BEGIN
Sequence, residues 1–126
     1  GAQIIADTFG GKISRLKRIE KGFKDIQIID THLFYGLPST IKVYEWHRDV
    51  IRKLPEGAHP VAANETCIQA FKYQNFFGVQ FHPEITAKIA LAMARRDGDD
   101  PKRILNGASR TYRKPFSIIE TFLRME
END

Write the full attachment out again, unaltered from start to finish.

Sequence, residues 1–126
     1  GAQIIADTFG GKISRLKRIE KGFKDIQIID THLFYGLPST IKVYEWHRDV
    51  IRKLPEGAHP VAANETCIQA FKYQNFFGVQ FHPEITAKIA LAMARRDGDD
   101  PKRILNGASR TYRKPFSIIE TFLRME